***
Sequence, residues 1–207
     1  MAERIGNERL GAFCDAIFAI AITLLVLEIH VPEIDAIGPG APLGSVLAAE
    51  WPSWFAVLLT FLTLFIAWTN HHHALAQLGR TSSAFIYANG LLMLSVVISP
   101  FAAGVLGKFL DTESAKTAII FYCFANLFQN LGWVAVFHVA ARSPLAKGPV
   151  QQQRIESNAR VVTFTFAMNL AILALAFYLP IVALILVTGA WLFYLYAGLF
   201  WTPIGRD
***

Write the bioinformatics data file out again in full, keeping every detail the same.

Sequence, residues 1–207
     1  MAERIGNERL GAFCDAIFAI AITLLVLEIH VPEIDAIGPG APLGSVLAAE
    51  WPSWFAVLLT FLTLFIAWTN HHHALAQLGR TSSAFIYANG LLMLSVVISP
   101  FAAGVLGKFL DTESAKTAII FYCFANLFQN LGWVAVFHVA ARSPLAKGPV
   151  QQQRIESNAR VVTFTFAMNL AILALAFYLP IVALILVTGA WLFYLYAGLF
   201  WTPIGRD